Sports

Super Bowl XXIII | Michael Madden

Jim Rourke filled in for the Bengals

BOSTON, MA - 2/03/2016: CLASS MATES OF 1975 L-R : Mark Manuel, Mark Reed, Tom Stack, Jim Rourke, Jim Timmins, Frank Nash and Tom Cunningham. BC High grad and former NFL player Jim Rourke will be presented an NFL game ball in recognition of Super Bowl 50. NFL has sent game balls to the high schools that had a player compete in a Super Bowl. Rourke played for Cincinnati Bengals in Super Bowl XXIII. (David L Ryan/Globe Staff Photo) SECTION: SPORTS TOPIC 04schbchigh
David L Ryan/Globe Staff
Jim Rourke, center is flanked by his BC High teammates, from left, Mark Manuel, Mark Reed, Tom Stack, Jim Timmins, Frank Nash and Tom Cunningham. Rourke will be presented a game ball in recognition of Super Bowl 50. Rourke played for Cincinnati Bengals in Super Bowl XXIII.

BC High graduate and former NFL player Jim Rourke was presented with an NFL game ball in recognition of Super Bowl 50. Rourke played for the Cincinnati Bengals in Super Bowl XXIII. The following story appeared in the Globe just prior to that Super Bowl.

MIAMI - A month ago, he was collecting rents in Dorchester and banging nails on the South Shore. Maybe heading down to Woonsocket, R.I., to check out a bar that he and his partners recently had purchased. In his words, the rope had slipped out of his hands, “I was finally letting go of the rope.”

Now Jim Rourke is here, as much a part of the Super Bowl as corporate excess, as much a part of the Bengals as Boomer Esiason. Oh, there has been a problem or two, the name on his uniform that he will wear Sunday first spelled “Roarke,” then “Roark,” but perhaps the letters will all be in line Sunday and it will come out as “R-O-U-R-K-E.”

Jim Rourke still may not be sure how much of a share of the Super Bowl loot he will receive (”There’s still some question . . . I don’t know, I may get a quarter share”) or even if he will receive a Super Bowl ring. Which led him to give this best line of the week: “Maybe they’ll give me a quarter of the ring, too. Other guys go around showing off their Super Bowl rings. If they give me a quarter of a Super Bowl ring, I’ll be the first guy to go around showing off his Super Bowl earring.”

Advertisement

Boston College High School and then Boston College led to this twist in the Super Bowl road. Rourke played for Jim McNally at BC 11 years ago when McNally was an assistant coach under Joe Yukica, “and when we had some injury problems on the line,” said McNally, now the offensive line coach of the Bengals, “I immediately thought of Jim. He had been with the Chiefs a long time and he had played against the Seahawks a lot and we were playing Seattle in the playoffs. I was looking for a guy who knew how to play Seattle defensive end Jacob Green and I thought of Jim right away.”

Get Sports Headlines in your inbox:
The most recent sports headlines delivered to your inbox every morning.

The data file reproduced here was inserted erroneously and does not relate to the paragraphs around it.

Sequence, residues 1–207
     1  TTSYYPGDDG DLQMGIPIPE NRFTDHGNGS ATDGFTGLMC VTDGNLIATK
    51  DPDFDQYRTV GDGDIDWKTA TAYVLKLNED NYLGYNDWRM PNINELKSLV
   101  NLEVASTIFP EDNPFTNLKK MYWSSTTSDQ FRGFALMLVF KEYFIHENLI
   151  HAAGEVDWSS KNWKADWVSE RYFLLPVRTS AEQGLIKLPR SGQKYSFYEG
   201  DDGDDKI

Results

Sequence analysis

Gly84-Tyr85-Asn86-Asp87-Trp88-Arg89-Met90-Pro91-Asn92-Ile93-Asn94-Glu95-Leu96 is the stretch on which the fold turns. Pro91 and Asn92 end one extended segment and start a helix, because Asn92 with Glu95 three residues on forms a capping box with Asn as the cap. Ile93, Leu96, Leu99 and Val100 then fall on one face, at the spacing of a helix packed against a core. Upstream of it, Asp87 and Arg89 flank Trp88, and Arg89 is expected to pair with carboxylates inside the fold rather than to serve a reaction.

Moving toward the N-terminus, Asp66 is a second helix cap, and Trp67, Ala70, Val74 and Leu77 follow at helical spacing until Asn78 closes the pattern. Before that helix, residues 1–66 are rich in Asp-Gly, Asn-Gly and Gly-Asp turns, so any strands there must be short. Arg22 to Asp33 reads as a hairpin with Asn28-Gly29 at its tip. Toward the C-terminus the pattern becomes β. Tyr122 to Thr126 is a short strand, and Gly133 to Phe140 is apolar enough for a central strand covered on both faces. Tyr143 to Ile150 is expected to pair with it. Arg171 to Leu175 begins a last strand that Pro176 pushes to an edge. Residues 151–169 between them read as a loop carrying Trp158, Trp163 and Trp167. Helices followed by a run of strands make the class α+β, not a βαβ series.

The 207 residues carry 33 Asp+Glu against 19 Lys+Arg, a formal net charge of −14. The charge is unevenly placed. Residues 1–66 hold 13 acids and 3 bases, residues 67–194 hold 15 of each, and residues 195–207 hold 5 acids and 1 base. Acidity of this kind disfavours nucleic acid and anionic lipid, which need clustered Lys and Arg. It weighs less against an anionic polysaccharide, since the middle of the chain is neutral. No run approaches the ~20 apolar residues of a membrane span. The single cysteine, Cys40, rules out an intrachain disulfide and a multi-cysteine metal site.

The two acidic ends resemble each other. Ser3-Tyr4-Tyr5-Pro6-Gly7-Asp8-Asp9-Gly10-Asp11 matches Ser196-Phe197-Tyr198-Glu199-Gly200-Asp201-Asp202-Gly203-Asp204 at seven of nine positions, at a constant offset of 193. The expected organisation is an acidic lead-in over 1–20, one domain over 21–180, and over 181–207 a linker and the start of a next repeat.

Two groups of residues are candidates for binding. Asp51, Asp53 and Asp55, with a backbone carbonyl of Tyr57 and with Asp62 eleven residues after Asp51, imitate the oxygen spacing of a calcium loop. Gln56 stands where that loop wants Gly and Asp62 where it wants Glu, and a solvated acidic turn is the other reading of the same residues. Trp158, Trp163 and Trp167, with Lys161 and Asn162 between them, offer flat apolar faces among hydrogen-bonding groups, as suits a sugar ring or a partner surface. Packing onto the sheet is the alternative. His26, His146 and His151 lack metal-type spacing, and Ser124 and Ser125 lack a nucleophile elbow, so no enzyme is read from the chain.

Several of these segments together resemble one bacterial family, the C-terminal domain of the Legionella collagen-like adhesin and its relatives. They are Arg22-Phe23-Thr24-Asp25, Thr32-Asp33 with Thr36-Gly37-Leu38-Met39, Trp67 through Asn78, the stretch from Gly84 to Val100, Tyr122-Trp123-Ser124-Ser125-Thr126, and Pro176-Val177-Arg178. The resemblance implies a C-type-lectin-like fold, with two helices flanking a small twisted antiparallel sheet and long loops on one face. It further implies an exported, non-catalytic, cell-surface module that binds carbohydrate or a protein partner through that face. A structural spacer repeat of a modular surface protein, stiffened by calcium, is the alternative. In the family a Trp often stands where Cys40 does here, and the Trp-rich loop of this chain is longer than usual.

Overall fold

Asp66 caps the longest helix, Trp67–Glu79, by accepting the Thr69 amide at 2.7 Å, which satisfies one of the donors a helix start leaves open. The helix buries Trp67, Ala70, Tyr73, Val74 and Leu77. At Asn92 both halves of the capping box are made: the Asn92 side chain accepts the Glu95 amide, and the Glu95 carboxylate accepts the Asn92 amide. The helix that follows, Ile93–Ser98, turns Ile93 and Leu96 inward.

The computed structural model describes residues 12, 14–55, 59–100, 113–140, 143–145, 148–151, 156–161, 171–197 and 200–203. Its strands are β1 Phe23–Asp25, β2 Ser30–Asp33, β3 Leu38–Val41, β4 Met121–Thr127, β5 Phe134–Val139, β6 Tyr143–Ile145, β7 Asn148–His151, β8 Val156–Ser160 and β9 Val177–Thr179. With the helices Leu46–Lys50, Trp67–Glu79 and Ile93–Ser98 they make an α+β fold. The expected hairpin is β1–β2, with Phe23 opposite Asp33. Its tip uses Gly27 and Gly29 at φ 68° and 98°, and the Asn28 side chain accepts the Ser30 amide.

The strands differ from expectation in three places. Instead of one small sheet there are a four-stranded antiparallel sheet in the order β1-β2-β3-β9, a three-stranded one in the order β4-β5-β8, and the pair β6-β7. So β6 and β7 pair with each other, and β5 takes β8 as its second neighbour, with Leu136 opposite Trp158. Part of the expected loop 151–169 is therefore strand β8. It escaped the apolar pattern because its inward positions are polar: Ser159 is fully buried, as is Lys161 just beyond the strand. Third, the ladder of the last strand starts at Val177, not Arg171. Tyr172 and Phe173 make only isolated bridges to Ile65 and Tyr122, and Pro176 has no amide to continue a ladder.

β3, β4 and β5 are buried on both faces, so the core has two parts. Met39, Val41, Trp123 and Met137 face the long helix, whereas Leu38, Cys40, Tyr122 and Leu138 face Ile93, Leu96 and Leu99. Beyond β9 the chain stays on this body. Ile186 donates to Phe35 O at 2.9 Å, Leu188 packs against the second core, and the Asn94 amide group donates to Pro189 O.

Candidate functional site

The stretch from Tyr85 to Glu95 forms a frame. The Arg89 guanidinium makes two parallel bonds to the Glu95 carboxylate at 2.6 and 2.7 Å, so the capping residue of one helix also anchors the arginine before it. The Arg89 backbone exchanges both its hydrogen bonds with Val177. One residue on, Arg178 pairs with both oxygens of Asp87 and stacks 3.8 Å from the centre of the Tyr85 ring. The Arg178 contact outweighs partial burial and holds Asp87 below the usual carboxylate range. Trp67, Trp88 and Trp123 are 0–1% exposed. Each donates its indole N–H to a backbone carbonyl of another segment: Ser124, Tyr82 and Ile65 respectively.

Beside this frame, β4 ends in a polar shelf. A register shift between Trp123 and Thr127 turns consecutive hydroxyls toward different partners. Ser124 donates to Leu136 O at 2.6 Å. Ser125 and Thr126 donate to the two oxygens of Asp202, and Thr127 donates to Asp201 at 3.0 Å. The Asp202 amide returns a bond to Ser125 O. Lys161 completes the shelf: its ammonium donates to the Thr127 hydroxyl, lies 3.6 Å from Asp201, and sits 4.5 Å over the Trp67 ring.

Thank you for signing up! Sign up for more newsletters here

Except Rourke was far from thinking about football at the time. He had been in the league for eight years, but was cut by Kansas City in 1987 and wasn’t even invited to camp in 1988. “The worst days,” he said, “were Mondays and Tuesdays. That’s when I missed football the most -- Mondays because there’d be no practice and Tuesdays because that was when you got your game checks.”

On Thanksgiving Day, he went to the BC High-Catholic Memorial game at Boston College, went to his aunt’s home in Wellesley for Thanksgiving dinner and watched only a bit of the NFL games on TV. “I didn’t have too much interest in watching the games,” said Rourke. “I could watch only bits and pieces of them. Here it was Thanksgiving and no team had called, and if you’re not called by Thanksgiving, that’s usually it. I thought that was it for me. I thought I might have to get a real job.”

Real life now was in front of him. With a friend, he helped put up houses in Hanson, banging nails maybe twice a week, “though I never put the hammer to my thumb.” On other days, he helped manage property, picking up rent checks the first of the month in Dorchester, Whitman and Brockton and doing other odd jobs.

“I had to make a lot of phone calls and ask them where the rents were,” said Rourke. “I used to hear a lot of good stories.”

Advertisement

But on Dec. 18, McNally called and said the Bengals may be looking for an offensive lineman. “He called at 11 in the morning,” said Rourke, “then called back a few hours later, and at 4 in the afternoon, I was on the plane to Cincinnati.”

He has played only on the extra point teams so far, but during the Seattle game, he saw his old teammate from BC High and BC, Joe Nash, go down a few times, then a few more times, with a knee “injury.” Nash and Rourke had been close for years, ever since he was at BC High “and I had to convince him that the University of Maine was not the school for him and that he could play at Boston College. So I had to go up to him after the game . . . well, Joe may be the first player in the NFL to have a rule named after him, ‘the Nash rule.’ “

Now Rourke was here. Few people know about it, even back in Boston, “and it’s funny,” he said. “Danny Conway gave me a call down here. Danny played at BC, too, and he has a gym down here in Fort Lauderdale and he called me and said, ‘You know, I’ve always tried to follow you, but you were always out in the Midwest and then I lost track of you.’ Then Danny was watching the local sports down here and he saw me stepping off the plane with the Bengals. To put it mildly, he was surprised.”

The money has been good so far -- $10,000 for the Seattle game, money again for the AFC Championship game (apparently a quarter share) and now the Super Bowl. “Who knows?” said Rourke. “I may have stepped into a tub instead of a bucket.”

Not to mention the Super Bowl earring.